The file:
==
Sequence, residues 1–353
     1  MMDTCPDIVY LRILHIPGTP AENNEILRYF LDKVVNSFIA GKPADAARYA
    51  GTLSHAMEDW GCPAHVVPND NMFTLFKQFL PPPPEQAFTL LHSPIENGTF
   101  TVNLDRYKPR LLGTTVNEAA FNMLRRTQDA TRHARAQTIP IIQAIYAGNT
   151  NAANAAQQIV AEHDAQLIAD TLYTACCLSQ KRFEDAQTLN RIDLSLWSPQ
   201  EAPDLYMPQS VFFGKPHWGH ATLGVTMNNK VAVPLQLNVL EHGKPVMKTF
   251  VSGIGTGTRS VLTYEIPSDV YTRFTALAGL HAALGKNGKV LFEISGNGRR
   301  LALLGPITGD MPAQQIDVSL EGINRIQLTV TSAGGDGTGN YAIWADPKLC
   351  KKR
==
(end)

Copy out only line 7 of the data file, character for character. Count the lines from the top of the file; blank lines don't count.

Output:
   251  VSGIGTGTRS VLTYEIPSDV YTRFTALAGL HAALGKNGKV LFEISGNGRR